3 virtual nominating speech, closing
n the classic manner with the Pres-
ident's name.
"We will stand, and put forward,
and confirm again that god-sent
guardian of our liberties, the kind
of man that mankind needs," he
shouted, "our beloved President,
Franklin D. Roosevelt."
Points To Record
Calling for an aggressive campaign
rm the "record" of performance,
speaker William B. Bankhead voiced
onight a 1940 Democratic keynote
f uncompromising resistance to
"malignant" aggressors abroad and
assailed the Republican platform as
"political subterfuge."
He spoke a few minutes after
Chairman James A. Farley of the
Democratic National Committee, de-
livering an address which sounded
to some like a formal farewell to his
party colleagues, had . denounced
Republican leaders for "an effort"
to "pin the odious label 'war party'
upon the Democratic party."
Both speakers joined in asserting
that the coming campaign against
Wendell L. Willkie and the Republi-
can party must be waged upon the
record of eight Democratic years in
office. Farley asserted that "unless
we give the country a ticket and a
platform that will satisfy the major-
ity, we have no certainty of victory.
Crowd Of 2,000
Both speakers addressed a crowd
which packed this big red, white and
blue decked stadium to the rafters.
The seatingcapacity exceeds 20,000.
While the convention was going
on an attorney for a brother of the
late Jacob Ruppert was asserting
that the New York Yankees Baseball
Club probably would be sold to a
syndicate headed by Farley "within
two weeks at a price of $4,000,000.
This was taken as a sign that Farley
would not stay on as National Chair-
man very long.
The Resolutions Committee, mean-
while, was busy on the platform,
hearing William Green, President of
the American Federation of Labor,
assert that Mr. Roosevelt would find
an arswer to the unemployment
problem if "permitted," and listen-
ing to Dr. Francis E. Townsend
threaten to start a third party if the
two major parties failed to endorse
his pensions movement.
A proposal to convoy supplies to
Great Britain led to. a clash today,
as Democratic party platform draft-
ers sweltered through what they
hoped was the last day of puble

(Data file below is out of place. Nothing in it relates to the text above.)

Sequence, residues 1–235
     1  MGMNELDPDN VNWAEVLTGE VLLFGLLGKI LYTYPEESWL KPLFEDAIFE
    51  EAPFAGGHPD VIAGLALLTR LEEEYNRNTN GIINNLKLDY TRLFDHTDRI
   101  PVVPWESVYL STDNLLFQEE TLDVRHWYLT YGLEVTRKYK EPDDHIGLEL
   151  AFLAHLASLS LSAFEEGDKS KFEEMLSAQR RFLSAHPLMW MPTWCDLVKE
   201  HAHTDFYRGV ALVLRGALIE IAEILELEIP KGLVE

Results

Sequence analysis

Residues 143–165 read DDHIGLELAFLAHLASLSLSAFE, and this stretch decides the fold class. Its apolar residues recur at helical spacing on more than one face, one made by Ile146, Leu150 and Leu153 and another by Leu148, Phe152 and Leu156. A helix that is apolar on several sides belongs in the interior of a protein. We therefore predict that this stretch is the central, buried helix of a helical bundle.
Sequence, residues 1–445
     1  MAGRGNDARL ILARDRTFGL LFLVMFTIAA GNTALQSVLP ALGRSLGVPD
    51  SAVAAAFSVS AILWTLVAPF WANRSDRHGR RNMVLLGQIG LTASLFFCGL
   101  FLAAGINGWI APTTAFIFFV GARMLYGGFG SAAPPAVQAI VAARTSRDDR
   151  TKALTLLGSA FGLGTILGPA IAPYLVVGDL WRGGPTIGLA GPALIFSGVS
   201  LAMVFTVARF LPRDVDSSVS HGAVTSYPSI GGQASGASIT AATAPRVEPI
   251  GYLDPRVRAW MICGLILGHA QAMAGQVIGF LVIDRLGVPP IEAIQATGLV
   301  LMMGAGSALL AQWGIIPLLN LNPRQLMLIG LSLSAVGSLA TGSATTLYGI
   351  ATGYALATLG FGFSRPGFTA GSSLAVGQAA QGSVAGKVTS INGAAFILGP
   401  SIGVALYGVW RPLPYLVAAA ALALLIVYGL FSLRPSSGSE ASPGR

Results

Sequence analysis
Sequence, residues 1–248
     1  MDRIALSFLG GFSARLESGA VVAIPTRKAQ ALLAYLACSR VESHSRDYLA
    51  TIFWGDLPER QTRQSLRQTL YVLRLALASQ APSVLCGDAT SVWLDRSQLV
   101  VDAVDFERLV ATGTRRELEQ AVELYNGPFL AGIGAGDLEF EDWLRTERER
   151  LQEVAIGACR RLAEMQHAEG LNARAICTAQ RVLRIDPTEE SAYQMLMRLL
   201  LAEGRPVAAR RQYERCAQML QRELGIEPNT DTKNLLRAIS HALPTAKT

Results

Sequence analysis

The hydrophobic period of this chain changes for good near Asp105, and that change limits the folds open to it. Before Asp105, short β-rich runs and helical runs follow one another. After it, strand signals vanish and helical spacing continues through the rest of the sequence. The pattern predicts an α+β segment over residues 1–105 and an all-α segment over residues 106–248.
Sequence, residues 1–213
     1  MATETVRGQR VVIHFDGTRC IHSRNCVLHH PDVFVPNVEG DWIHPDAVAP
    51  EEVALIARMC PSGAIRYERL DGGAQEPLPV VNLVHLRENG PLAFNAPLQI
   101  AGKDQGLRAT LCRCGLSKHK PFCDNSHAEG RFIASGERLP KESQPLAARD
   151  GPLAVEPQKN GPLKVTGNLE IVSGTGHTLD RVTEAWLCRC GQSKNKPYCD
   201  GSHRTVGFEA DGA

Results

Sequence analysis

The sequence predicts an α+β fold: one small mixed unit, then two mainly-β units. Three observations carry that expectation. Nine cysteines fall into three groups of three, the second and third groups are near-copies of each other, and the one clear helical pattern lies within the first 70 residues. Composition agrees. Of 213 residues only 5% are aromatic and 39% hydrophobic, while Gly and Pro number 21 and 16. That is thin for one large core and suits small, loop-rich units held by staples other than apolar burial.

hearings.
State - County
System Flayed
Dunham Designs Program
For Public Welfare
LANSING, July 15.-(JP)-Arthur
Dunham, University of Michigan
professor, proposed a six-point pro-
gram for public welfare reorganiza-
tion today at the opening session of
the 12th Institute of Social Welfare,
attacking the present state-county

system as riddled with "politics."
Dunham's platform:
1. "A few strong, well-organized
state nublic welfare agencies.

I

250 Michigan, Ohio Educators Meet
For Start Of Conference Program
4'>--

Masters Treats Community
Potentialities For Work
In Arts, Public Forums
By ROSEBUD SCOTT
More than 250 educators from
Michigan, Ohio and neighboring
states convened here yesterday for
the opening of the annual Educa-
tional Conference Week, sponsored
by the University and presenting the
latest material available in guidance,
reading, teacher education, and class-
room materials.
Keynoting the first meeting of the
Conference on Guidance and Ad-
justment of Youth, H. B. Masters of
the W. . KelnLne n atn npoint- j

ing." From his work as a member of
the School of Education Faculty and
at Harvard, Professor Anderson
stressed that'techniques to determine
good and poor readers should cor-
respond with normal situations. De-
termining what kinds of reading are
deficient is the key to providing the
proper materials for practice for poor
readers, he cited. Normal learning
should at all times be the basis of
the instruction of better reading
habits.
"Major Handicaps in the Educa-
tion of American Teachers" were list-
ed by Professor-Emeritus W. C. Bag-
ley of Columbia University. The
rapid growth of population creating
a need for a greater number of
tpehers and thee mnlovment in low-

teacher education, he emphasized.
Tomorrow's sessions will feature
"Overcoming Some Problems in the
Occupational Guidance in a Second-
ary School" to be given by Dr. Ru-
dolph Lindquist, director of Cran-
brook School at 10 a.m. in the Uni-
versity High Schobl Auditorium and
"Relation of Achievement in Read-
ing to Success in High School" by
Prof. Clifford Woody of the School
of Education at 2 p.m. and "The
Michigan Cooperative Teacher Edu-
cation Study-Problems and Pros-
pects" by Dr. H. L. Turner of the
Michigan Teacher Education Com-
mittee.
In the halls and lobbies of the
University High and Elementary
Schools more than 60 publishers are